The pandemic led to an acceleration of technology projects and put digital leaders “front and centre” in their organisations as companies scrambled to get to grips with remote working, changed customer behaviour and shifting supply chains during lockdown.
That led to a 5% rise in IT budgets last year, which is set to continue over the next five years.
More than half of digital leaders said their priority was on new developments rather than making the most of the systems they already have.
Responsibility for technology has expanded beyond IT departments as more companies appoint chief digital officers (CDOs) and chief technology officers (CTOs) to their executive management teams.
Chief operating officers, chief marketing officers, chief technology officers and chief digital officers all now play a role in developing digital strategy. They have increasingly taken on the roles of developing better ways to reach customers, creating new products and services, and gaining business insights from data.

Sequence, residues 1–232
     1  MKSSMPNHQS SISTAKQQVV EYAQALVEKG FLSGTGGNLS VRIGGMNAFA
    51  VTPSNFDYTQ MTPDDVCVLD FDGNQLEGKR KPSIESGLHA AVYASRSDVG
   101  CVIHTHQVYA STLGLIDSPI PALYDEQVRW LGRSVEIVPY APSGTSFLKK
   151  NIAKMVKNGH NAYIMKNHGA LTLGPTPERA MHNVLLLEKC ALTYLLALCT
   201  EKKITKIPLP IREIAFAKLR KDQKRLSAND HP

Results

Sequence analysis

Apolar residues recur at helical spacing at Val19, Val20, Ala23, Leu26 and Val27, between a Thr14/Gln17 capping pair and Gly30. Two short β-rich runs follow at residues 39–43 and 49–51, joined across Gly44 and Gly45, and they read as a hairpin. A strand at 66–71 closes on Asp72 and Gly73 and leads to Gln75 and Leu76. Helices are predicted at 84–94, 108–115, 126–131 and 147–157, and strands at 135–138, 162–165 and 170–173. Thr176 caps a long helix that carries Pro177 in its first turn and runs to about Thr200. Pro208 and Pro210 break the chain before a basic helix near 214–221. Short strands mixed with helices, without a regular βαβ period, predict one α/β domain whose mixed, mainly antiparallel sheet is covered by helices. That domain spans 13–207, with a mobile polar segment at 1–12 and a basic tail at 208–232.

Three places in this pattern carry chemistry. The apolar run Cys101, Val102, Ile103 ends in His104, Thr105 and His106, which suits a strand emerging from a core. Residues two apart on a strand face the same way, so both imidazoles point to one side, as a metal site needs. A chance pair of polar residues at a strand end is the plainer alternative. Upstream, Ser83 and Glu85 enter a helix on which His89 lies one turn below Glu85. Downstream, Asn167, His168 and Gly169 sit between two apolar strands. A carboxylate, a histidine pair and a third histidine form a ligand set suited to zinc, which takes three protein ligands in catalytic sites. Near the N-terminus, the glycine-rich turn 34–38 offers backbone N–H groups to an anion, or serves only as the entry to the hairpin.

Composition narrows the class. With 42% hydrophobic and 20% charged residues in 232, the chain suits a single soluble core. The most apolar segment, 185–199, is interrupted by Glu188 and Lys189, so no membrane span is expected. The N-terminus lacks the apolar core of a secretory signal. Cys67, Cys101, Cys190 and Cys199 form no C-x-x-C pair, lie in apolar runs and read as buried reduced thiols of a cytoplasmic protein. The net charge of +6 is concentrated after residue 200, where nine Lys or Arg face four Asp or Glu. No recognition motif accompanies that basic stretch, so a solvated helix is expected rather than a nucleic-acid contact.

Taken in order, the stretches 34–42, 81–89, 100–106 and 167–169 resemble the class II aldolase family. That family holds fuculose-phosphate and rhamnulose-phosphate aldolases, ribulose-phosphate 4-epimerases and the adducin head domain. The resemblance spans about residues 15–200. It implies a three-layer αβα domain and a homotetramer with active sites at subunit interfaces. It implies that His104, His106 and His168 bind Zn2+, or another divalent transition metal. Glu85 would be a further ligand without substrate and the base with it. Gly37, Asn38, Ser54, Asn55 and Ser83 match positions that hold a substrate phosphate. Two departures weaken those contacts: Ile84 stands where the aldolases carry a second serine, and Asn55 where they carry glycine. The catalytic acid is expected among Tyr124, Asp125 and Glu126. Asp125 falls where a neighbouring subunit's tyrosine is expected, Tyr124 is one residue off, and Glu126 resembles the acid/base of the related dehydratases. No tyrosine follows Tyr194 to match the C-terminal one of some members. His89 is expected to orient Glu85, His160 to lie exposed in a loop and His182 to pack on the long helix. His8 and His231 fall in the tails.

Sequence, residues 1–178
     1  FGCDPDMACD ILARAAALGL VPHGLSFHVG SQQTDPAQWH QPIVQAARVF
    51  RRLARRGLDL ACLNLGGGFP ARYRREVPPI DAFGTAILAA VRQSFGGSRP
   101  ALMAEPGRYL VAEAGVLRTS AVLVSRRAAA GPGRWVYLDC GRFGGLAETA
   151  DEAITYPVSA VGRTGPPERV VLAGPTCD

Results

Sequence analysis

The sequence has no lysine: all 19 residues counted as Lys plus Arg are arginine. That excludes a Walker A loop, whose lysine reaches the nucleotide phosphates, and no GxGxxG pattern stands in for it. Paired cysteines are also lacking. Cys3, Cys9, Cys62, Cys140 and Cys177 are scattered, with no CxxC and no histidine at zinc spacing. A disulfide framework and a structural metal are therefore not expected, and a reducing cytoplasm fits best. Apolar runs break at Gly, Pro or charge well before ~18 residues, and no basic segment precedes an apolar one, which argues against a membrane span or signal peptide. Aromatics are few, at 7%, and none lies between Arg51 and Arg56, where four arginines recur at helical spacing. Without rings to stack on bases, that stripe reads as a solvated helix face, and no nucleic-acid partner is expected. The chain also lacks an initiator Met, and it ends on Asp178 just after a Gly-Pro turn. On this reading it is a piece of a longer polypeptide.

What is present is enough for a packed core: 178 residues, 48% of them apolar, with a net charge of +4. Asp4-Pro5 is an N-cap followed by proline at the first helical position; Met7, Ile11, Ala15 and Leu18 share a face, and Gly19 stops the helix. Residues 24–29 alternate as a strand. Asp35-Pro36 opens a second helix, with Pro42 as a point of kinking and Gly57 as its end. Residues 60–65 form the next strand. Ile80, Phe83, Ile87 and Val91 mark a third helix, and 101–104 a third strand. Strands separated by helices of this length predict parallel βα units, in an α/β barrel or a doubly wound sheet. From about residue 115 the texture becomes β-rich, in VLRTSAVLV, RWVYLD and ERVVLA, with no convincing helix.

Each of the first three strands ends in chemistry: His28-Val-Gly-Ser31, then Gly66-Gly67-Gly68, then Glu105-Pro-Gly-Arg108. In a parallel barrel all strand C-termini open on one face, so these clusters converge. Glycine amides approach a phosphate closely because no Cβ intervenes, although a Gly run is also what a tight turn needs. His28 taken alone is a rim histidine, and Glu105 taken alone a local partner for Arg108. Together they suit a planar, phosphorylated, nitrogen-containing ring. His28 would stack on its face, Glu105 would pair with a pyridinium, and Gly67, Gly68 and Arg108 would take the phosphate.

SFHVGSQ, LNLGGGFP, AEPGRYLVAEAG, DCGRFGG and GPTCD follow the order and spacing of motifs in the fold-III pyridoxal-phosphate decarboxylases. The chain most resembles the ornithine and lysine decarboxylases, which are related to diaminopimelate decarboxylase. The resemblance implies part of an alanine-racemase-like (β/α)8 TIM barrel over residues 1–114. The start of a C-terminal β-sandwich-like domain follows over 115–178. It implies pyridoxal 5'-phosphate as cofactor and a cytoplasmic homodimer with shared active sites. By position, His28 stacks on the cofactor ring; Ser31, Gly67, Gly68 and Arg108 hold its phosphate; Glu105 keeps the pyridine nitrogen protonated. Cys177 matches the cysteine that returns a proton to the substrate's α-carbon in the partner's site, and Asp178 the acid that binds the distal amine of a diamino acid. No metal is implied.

Reflecting on this trend, the proportion of chief information officers (CIOs) on the board fell from 71% in 2017 to 66% in 2020. CIOs are more focused on security, managing legacy IT systems and implementing software as a service across the enterprise.
“The role of the CIO is much more about keeping everything connected and making sure there is a cohesive plan,” said White.
The role of digital leader is more fluid than it used to be, as decisions are made by those who are best placed to make them. The proportion of digital leaders who report more than a quarter of technology spending being controlled outside the IT department rose from 20% in 2019 to 26% in 2021.